80 years of international twinning started by women of Coventry remembered in year-long celebration with 26 cities - The Coventry Observer

19th Aug, 2022

80 years of international twinning started by women of Coventry remembered in year-long celebration with 26 cities

AN ONLINE summit on April 23 for International Twin Cities Day marks the start of a year-long celebration between Coventry and its 26 twin cities across the world.

Coventry pioneered the twinning movement, and together with  the Russian city of Volgograd – its very first twin city – is celebrating the anniversary of how it all began. 2021 is the 80th year of Citizens2Citizens Friendship, started by the women of Coventry and now widely spread across the world.

Devastated by aerial bombing, Coventry understood the pain of Volgograd, formerly Stalingrad, which experienced more than a million casualties during the Battle of Stalingrad in 1942-43.

On October 6 1941 The Coventry Telegraph reported that women in the city decided to send a message of support to the women of Stalingrad. This gesture marked the modest beginning of friendship between the two cities, united by the shared experience of suffering.

Events are being planned by a group of four organisations: UK Twin Towns & Sister Cities Foundation; Coventry & Volgograd Bond of Friendship Committee; Coventry Association for International Friendship (CAIF) and Positive Images Festival.

They will start with an online summit on April 23 marking International Twin Cities Day from 2pm. Invitations have been sent to Coventry’s 26 twin cities, each of which will present a short message of friendship.

This summit will see the launch of the new Twin Cities Awards on October 6 2021 honouring individuals and organisations for their work in promoting international friendship. A committee of experts in Volgograd will then host a reception in the city on October 30.

A grand live event on the International Twin Cities Day will take place in April 2022.

Lord Mayor of Coventry, Coun Ann Lucas, said: “We are so proud of our links with Volgograd and the way we have worked together for the past 80 years, using our own stories to inspire others towards peace and friendship.

“Who would have thought those first messages of support would have led to a worldwide movement bringing people together in friendship, helping schoolchildren, businesses, faith leaders and politicians to get to know and understand others.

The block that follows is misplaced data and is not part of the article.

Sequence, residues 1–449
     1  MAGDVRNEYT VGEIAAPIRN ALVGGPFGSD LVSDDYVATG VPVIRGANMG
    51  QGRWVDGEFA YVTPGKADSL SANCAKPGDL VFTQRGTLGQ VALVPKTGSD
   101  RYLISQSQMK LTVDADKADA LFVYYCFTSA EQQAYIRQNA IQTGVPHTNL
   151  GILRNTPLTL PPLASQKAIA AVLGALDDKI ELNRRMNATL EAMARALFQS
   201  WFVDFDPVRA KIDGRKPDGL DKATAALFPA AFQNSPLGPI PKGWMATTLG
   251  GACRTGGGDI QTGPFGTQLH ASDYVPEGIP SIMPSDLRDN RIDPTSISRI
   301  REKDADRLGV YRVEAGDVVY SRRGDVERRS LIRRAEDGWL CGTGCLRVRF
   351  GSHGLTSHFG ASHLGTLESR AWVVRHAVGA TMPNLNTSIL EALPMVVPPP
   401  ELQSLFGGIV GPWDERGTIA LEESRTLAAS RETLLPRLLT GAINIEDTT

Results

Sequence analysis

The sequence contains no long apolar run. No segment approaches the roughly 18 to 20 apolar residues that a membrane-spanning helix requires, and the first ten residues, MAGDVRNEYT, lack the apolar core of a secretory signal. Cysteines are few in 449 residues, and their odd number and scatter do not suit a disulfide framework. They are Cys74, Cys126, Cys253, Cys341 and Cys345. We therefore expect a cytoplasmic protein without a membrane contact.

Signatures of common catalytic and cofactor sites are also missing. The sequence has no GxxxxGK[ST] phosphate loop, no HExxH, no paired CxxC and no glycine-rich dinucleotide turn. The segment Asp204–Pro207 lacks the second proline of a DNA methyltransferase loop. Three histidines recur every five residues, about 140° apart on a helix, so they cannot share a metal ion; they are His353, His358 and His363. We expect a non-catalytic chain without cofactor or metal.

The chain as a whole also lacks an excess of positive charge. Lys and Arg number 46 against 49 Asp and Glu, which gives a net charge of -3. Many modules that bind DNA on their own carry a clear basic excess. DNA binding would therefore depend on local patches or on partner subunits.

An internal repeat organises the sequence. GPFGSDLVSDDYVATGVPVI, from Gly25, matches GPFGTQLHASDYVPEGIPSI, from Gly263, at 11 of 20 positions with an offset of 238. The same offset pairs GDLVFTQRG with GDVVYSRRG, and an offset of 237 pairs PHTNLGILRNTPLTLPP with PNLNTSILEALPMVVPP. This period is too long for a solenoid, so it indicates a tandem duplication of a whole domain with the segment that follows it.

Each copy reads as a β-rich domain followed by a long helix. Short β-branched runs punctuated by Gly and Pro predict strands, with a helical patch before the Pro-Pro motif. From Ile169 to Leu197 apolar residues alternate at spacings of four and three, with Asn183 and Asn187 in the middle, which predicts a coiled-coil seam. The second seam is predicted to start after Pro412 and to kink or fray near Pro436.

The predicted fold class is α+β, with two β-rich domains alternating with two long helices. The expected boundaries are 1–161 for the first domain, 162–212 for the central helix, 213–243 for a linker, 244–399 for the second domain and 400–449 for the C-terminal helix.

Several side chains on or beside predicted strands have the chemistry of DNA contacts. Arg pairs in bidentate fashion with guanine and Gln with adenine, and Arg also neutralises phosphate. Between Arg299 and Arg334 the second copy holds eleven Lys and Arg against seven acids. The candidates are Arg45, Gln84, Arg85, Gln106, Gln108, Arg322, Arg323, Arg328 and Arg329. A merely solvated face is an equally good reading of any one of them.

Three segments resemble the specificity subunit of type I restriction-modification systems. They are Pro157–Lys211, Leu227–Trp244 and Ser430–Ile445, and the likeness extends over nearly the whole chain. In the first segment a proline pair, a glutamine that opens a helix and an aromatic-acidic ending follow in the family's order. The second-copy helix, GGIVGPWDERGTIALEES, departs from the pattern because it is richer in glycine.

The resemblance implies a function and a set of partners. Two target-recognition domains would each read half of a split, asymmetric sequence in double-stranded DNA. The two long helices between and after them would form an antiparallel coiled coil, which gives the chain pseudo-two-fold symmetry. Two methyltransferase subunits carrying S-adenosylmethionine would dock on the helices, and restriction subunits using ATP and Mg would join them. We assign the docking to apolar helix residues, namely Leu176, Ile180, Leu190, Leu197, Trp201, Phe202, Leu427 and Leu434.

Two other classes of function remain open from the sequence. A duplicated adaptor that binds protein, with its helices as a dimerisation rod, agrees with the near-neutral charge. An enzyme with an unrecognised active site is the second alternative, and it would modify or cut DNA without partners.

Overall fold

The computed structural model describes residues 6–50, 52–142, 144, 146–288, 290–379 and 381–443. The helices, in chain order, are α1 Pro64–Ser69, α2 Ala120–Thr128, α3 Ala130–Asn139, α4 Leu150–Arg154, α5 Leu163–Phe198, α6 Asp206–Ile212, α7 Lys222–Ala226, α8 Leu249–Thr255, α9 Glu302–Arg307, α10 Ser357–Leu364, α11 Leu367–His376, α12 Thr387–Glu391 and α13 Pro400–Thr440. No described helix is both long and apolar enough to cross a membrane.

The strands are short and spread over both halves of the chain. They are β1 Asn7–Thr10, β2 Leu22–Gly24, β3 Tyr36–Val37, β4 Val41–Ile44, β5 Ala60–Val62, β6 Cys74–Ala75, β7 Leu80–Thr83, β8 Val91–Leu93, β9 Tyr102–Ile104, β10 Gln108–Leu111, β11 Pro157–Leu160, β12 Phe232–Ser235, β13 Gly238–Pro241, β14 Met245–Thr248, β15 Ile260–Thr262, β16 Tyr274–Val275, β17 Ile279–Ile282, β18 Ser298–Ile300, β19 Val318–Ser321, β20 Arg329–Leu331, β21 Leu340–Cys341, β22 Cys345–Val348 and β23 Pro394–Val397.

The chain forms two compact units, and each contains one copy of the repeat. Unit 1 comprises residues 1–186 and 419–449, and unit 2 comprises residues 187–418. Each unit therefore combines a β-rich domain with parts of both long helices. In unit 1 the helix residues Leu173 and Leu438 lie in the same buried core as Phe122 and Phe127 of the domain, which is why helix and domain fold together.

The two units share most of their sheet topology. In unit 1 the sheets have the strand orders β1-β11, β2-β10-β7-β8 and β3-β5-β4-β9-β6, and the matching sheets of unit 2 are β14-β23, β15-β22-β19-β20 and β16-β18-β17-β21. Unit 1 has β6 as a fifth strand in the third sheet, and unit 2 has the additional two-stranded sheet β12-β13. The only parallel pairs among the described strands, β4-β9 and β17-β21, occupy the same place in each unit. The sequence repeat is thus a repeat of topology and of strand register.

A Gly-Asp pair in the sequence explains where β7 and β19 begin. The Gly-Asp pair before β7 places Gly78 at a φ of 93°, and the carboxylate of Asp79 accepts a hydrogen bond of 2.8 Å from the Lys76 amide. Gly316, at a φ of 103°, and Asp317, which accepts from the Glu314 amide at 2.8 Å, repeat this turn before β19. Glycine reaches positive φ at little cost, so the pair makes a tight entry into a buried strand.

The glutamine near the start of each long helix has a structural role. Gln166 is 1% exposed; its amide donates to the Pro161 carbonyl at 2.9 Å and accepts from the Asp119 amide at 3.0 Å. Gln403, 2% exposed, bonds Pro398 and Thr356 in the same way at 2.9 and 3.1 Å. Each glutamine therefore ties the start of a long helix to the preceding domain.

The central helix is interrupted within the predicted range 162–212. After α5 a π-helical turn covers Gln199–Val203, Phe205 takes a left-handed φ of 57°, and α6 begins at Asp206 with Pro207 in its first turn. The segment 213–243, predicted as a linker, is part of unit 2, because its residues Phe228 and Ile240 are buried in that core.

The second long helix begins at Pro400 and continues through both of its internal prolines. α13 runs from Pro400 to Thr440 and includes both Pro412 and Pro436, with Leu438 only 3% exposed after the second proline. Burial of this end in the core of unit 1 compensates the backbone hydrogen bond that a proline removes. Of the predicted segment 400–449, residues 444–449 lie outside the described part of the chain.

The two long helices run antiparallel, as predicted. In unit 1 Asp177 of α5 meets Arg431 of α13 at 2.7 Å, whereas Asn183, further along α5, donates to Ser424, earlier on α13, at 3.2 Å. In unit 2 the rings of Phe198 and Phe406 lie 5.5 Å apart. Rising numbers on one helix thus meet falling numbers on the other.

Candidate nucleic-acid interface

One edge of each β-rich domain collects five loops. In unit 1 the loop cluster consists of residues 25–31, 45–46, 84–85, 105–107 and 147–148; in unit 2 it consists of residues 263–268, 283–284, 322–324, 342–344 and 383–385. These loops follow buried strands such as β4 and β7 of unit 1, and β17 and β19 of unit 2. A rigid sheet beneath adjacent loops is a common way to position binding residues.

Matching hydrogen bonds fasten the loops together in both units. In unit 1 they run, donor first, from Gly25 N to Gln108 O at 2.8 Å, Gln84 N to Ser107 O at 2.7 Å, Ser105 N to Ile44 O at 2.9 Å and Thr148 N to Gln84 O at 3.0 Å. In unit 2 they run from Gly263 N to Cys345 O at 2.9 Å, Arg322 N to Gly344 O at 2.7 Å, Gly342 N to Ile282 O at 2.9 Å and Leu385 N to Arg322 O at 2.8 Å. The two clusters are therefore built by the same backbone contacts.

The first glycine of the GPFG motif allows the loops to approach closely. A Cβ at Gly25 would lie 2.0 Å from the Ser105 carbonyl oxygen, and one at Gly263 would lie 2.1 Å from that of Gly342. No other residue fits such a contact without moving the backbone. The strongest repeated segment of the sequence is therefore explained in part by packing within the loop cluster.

“It really is a cause for celebration and I would like to thank everyone involved for helping to recognise the tremendous amount  of work that goes on to support the twinning movement.

“Coventry is honoured to have been there at the very start and we will continue to work with our friends from around the world to promote twinning and the many benefits it brings to us all.”

Ram Lakha OBE, Chair of the Coventry Association for International Friendship, said: “Coventry is internationally renowned as a centre of peace and reconciliation and as the initiator of the trailblazing twinning movement.

“The first city Coventry twinned with was Volgograd. This twinning link continues to flourish.

“The 80th Anniversary of Citizens2Citizens Friendship is being marked in this very special year when Coventry begins its reign as City of Culture UK. All eyes will be on Coventry. We hope to be significant partners in this celebration and also use our twinning events to rejuvenate our friendships with our twin cities.”


The 2001 film Enemy of the Gates depicts the Battle of Stalingrad

  • Volgograd stands on the mighty Volga River, in the south-east of Russia.
  • Formerly called Stalingrad – the fortress that played a pivotal role in the Second World War – its story is featured in the film ‘Enemy at the Gates’ starring Jude Law and Rachel Weisz.
  • The battle with the battle with Nazi forces started in July 1942 and has been described as the bloodiest battle of all time –  an estimated 1.9 million people, almost twice the city’s current population, were killed, wounded or captured
  • One of its most iconic landmarks is an 85m high statue, the Motherland Calls, of a woman holding a sword on top of a hill above the city known as Mamayev Kurgan, a memorial complex commemorating the Battle of Stalingrad.
  • It is sandwiched between Ukraine and Kazakhstan, midway between the Black Sea and Caspian Sea, and a long way south of Moscow.
  • The city was rebuilt after the war, and new apartment buildings and factories extend for more than 40 miles along the river.
  • The University of Volgograd was opened in 1980.
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